THE GREENHOUSE PROBLEM AS SEEN BY EUROPE AND THE U.S.
Listening to climate change talk in the U.S. and in Europe, I have to wonder
whether we're all living on the same planet.
Several European governments have detailed plans for cutting their economies'
1990 fossil fuel use (hence emissions of the greenhouse gas carbon dioxide) by
15 or 20 percent by the year 2005.
Meanwhile the U.S. president has generously offered to get U.S. emissions back
down to their 1990 level -- twice as high per capita as the European level --
by the year 2008 or 2010 or maybe 2012.
Members of the European press don't ask me whether global warming is real.
They take seriously the consensus of the 2400 scientists who participate in the
ongoing global forum called the Intergovernmental Panel on Climate Change.
They ask "what can be done?" and "why is the United States such a laggard on
Meanwhile American reporters seem to be mesmerized by a handful of scientific
doubters, most of them funded by coal or oil companies, utilities, or
right-wing think tanks. The doubters point to every uncertainty in climate
science, while ignoring the certainties.
Not a scientist in the world doubts that carbon dioxide traps heat or that
burning oil, coal, or gas releases carbon dioxide. No one questions the
measurements that show carbon dioxide increasing in the atmosphere. Starting
at about 270 parts per million 100 years ago, its concentration is now above
360 parts per million. The global climate conference in Kyoto this December
will decide whether we should try to level off at 450, 750, or 1000 parts per
million, all of which would require significant reductions of current
greenhouse gas emissions, and all of which are almost sure to cause major
changes in the climate. But Americans still are told there might not be a
American industry just beamed into Washington DC $200,000 worth of radio spots
in which a Harry and Louise couple complain that protecting the climate could
raise gasoline price by 50 cents a gallon.
Europeans pay four times as much for gas as we do without whining about their
sacred right to drive minivans. They compete on the global market while
driving high-mileage cars and riding attractive, convenient, efficient mass
transit systems. Europe subsidizes trains and trams; America subsidizes
highways and parking lots.
Last month at a business conference in Salzburg European executives were waving
around a best-selling German book called Faktor Vier -- Factor Four (by Ernst
von Weizsacker of the Wuppertal Institute in Germany and Amory and Hunter
Lovins of Rocky Mountain Institute in the U.S.). The book shows how industrial
society could get four times as much productivity out of energy and materials
with known technologies at costs that are not only affordable, but probably
That is to say, we could run our economy while reducing our assault on the
atmosphere by 75 percent. Or double economic output, while cutting emissions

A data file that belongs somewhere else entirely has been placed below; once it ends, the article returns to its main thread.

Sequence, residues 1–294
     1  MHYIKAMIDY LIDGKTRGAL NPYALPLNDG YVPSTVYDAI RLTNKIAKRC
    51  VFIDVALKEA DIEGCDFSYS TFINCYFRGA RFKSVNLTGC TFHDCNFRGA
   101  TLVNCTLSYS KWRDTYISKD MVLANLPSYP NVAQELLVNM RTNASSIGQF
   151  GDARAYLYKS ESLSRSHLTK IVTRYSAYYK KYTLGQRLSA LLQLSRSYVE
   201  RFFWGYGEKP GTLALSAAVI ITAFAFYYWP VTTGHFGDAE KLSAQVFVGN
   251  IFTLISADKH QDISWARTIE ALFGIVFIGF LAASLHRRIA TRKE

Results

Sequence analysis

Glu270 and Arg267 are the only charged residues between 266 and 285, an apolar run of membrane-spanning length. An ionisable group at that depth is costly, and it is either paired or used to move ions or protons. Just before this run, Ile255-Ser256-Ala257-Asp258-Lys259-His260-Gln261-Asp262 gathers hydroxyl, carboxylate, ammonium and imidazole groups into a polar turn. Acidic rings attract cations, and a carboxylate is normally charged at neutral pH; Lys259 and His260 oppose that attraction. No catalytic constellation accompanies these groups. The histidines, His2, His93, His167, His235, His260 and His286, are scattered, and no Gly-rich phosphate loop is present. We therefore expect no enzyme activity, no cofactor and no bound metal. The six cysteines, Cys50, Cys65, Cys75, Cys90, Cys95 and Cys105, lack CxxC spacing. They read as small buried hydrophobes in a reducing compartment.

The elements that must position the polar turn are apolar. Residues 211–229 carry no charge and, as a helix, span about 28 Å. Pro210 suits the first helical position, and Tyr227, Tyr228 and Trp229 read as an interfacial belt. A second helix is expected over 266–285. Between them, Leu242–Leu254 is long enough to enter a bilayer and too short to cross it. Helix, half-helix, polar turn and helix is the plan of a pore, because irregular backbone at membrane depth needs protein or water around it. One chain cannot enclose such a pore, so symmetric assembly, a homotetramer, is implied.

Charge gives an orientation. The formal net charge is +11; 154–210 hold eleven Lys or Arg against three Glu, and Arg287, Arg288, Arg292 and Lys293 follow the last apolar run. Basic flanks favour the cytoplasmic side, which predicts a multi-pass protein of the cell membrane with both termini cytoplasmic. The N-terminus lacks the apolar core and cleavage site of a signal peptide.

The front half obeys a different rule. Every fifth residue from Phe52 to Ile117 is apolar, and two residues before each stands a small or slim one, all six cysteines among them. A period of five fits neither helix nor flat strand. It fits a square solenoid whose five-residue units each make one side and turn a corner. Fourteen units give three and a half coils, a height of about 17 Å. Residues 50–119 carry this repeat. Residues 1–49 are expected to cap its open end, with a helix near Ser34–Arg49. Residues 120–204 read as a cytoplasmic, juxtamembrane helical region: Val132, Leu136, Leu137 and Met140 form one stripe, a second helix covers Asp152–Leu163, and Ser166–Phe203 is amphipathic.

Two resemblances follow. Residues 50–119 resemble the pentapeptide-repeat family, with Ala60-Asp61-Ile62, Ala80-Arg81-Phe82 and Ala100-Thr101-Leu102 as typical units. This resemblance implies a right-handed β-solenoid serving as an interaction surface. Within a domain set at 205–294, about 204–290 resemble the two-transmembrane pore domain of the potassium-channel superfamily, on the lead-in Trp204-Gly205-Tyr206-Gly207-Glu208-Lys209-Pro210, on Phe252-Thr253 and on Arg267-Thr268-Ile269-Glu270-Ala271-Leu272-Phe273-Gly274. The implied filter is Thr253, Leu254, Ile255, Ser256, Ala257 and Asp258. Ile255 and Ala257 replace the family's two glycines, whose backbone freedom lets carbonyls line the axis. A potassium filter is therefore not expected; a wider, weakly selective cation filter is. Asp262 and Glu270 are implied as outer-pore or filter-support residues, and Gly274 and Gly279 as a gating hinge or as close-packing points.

in half. Faktor Vier is crammed with case studies of companies, buildings,
towns, banks, cars, farms, all of which have reduced energy or resource
consumption, typically by that factor of four. In almost every case, not only
have energy and material costs gone down, but labor productivity, comfort, and
convenience have gone up.
The European executives were asking: How do we all do this? They talked of
innovative technologies that could get Europe to Factor Ten -- a 90 percent
reduction, which is what it would actually take, worldwide, to stabilize the
In America, the Global Climate Information Project, a coalition of business
associations, has budgeted $13 million for a public relations blitz to convince
Americans that reducing fossil fuel consumption would cause economic collapse.
Europeans, who are exposed to more education and less PR than Americans,
question that claim. It assumes, they point out, that the only way to cut
energy use is through massive taxes. It doesn't count the savings not only
from buying less energy, but from having less air pollution, fewer oil spills,
better health, less dependency on foreign supplies -- not to mention a more
stable climate. It assumes that technology will freeze, rather than shift to
greater efficiencies and new energy sources. It is, in short, a piece of
The proposed Kyoto treaty will be unfair, U.S. industry says, because it will
require us to sacrifice, but not Mexico, China, India, or other low-income
countries. The Europeans I talk to believe that those countries, whose fossil
fuel use per person is a fraction of ours but rising fast, should be helped not
to follow our wasteful technological path. The way to do that, they think, is
to demonstrate the new path ourselves.
Before he boldly promised the status quo, Bill Clinton made another speech in
which he said the U.S. could reduce greenhouse gas emissions "by 20 percent
tomorrow with technology that is already available at no cost." He's probably
too optimistic about the "tomorrow" part -- it will take a few years -- but not
nearly optimistic enough about the 20 percent. In Europe they're talking about
wasting 20 or 50 or 90 percent less energy and helping the environment and
moving away from the dirty technologies of the past century into the clean ones
of the next century
Why on earth don't we try to beat the Europeans to it?
(Donella H. Meadows is an adjunct professor of environmental studies at